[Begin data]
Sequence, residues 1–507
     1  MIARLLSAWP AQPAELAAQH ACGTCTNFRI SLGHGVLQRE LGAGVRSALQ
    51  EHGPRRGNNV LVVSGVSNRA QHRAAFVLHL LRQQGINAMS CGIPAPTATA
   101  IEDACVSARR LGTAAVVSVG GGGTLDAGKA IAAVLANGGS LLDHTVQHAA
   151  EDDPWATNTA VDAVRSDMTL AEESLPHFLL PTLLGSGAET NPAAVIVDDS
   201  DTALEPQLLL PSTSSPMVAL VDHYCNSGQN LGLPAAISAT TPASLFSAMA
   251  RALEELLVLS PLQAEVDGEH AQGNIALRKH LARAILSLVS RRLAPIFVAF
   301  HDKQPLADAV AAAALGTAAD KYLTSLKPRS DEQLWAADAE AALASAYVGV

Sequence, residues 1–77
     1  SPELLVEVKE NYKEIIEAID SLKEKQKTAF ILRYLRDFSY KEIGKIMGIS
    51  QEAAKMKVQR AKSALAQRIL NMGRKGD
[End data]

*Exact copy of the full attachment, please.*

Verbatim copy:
Sequence, residues 1–507
     1  MIARLLSAWP AQPAELAAQH ACGTCTNFRI SLGHGVLQRE LGAGVRSALQ
    51  EHGPRRGNNV LVVSGVSNRA QHRAAFVLHL LRQQGINAMS CGIPAPTATA
   101  IEDACVSARR LGTAAVVSVG GGGTLDAGKA IAAVLANGGS LLDHTVQHAA
   151  EDDPWATNTA VDAVRSDMTL AEESLPHFLL PTLLGSGAET NPAAVIVDDS
   201  DTALEPQLLL PSTSSPMVAL VDHYCNSGQN LGLPAAISAT TPASLFSAMA
   251  RALEELLVLS PLQAEVDGEH AQGNIALRKH LARAILSLVS RRLAPIFVAF
   301  HDKQPLADAV AAAALGTAAD KYLTSLKPRS DEQLWAADAE AALASAYVGV

Sequence, residues 1–77
     1  SPELLVEVKE NYKEIIEAID SLKEKQKTAF ILRYLRDFSY KEIGKIMGIS
    51  QEAAKMKVQR AKSALAQRIL NMGRKGD